How, you may ask, did football start the tradition of big sales and shop-til-you-drop on the day after Thanksgiving? Well…it all started with the annual Army-Navy Football game in Philadelphia. So many people flooded the city for the big game—and in addition, took advantage of the city’s many shopping options—that the Philly Police Department worked overtime to manage the larger-than-average customer and traffic snarls in the city on that post-Thanksgiving Friday. It didn’t take retailers long to realize that these out-of-town football fans often brought family with them, and the stores were benefitting from those additional family members perusing their wares. So they began offering sales, and sometimes rock-bottom prices, to lure in the shoppers into their stores. The retailers attempted to rebrand the Friday after Thanksgiving “Big Friday” instead of “Black Friday,” but by this time, people had embraced the moniker and kept using the original name. And as Philadelphia’s sales windfall became known beyond the city limits, other cities and states started adopting the Black Friday shopping bonanza.
Once upon a time in my youth, my mother and I used to go out every Black Friday and shop for holiday deals. After I married my husband, the tradition continued for a while, but with the craziness of people these days and the advent of cyber-shopping, I find it far easier to shop online for any deals I must have on Black Friday. So these days, my dear husband partakes of his football games in one room, I shop online in another, call my mom to chat a while, and we all enjoy our respective “sports” from the solitude of our own homes.
It's Your Turn: What do you do on Black Friday? Do you watch football, shop, or find something unrelated to either to do on this day?
Award-winning, best-selling novelist Jennifer Uhlarik has loved the western genre since she read her first Louis L’Amour novel. She penned her first western while earning a writing degree from University of Tampa. Jennifer lives near Tampa with her husband, son, and furbabies. www.jenniferuhlarik.com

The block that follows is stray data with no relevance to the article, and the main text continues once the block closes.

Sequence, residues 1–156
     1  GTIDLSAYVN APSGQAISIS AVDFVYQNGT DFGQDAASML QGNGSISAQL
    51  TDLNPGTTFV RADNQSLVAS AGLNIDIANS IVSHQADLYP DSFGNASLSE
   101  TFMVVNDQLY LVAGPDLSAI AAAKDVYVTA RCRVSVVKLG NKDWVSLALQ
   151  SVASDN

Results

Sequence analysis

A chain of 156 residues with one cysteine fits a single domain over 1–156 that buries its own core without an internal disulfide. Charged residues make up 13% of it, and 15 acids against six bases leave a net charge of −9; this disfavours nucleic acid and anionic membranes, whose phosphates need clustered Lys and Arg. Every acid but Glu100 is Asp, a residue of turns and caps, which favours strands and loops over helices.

Love’s Fortress by Jennifer Uhlarik
A Friendship From the Past Brings Closure to Dani’s Fractured Family
When Dani Sango’s art forger father passes away, Dani inherits his home. There, she finds a book of Native American drawings, which leads her to seek museum curator Brad Osgood’s help to decipher the ledger art. Why would her father have this book? Is it another forgery?
Brad Osgood longs to provide his four-year-old niece, Brynn, the safe home she desperately deserves. The last thing he needs is more drama, especially from a forger’s daughter. But when the two meet “accidentally” at St. Augustine’s 350-year-old Spanish fort, he can’t refuse the intriguing woman.
Broken Bow is among seventy-three Plains Indians transported to Florida in 1875 for incarceration at ancient Fort Marion. Sally Jo Harris and Luke Worthing dream of serving on a foreign mission field, but when the Indians reach St. Augustine, God changes their plans. However, when Sally Jo’s friendship with Broken Bow leads to false accusations, it could cost them their lives.
Can Dani discover how Broken Bow and Sally Jo’s story ends and how it impacted her father’s life?